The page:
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Fifty years ago, it was not uncommon for a gas station attendant to be on hand with a cap and a smile, ready to fill your tank, check your tires, wax your hood and spit shine your windows for no extra charge, but the days of those kind of fine-tuned service extras have long past. Or have they?
In New Jersey and Oregon, self-service gasoline is merely a pipe dream thanks to statewide bans on customers pumping their own gasoline. (Both states' bans, enacted in 1949 and 1951, respectively, were initially due to safety concerns.) Yet, if you ask a 104-store New Jersey operator like Whitehouse Station-based Quick Chek Food Stores whether they'd add self-service gas islands if they could, the answer is an undeniable "No way," said Mike Murphy, the chain's senior vice president.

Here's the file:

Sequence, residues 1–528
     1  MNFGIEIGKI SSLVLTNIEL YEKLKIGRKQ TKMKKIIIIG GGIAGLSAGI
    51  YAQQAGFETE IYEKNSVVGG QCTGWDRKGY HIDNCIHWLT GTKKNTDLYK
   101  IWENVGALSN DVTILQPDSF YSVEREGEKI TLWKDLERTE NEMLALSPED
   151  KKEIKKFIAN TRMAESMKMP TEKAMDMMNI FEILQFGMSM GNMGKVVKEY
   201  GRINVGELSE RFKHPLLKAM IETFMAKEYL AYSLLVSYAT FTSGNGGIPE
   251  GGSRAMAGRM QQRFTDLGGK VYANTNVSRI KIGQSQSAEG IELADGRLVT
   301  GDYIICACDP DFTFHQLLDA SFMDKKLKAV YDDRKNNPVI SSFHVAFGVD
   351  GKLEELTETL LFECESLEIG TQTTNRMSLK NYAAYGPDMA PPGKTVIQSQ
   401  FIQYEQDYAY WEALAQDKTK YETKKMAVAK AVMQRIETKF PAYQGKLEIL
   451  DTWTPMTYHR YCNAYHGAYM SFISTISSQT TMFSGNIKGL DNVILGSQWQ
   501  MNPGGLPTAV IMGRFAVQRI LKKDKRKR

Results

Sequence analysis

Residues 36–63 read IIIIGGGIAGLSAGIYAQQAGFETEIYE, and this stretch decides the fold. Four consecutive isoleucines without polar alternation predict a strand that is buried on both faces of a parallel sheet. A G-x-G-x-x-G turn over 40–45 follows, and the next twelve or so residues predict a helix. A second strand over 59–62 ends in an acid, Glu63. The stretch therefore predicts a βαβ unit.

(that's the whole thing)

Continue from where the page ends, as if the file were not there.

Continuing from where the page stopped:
"Two of our sites are within 10 minutes of the Pennsylvania border, and we get many people that will fill up in New Jersey because they don't want to have to pump it themselves," Murphy said.
Quick Chek just started adding gasoline to its stores two and a half years ago and is now up to four full-serve gas sites. The company views full-service on the gasoline island as another means of providing stellar customer service -- something the company prides itself on. Each attendant goes through intensive Web-based training and customer service training and is educated on the safety standards relative to fuel, Murphy said.
"Customers really like the fact that there's someone out there that can communicate with them and seems to care about them as a customer," he said. "I think the uniform really means something to a customer. It's an advantage that we have in many of our locations, because some of our competitors don't have quality people out there."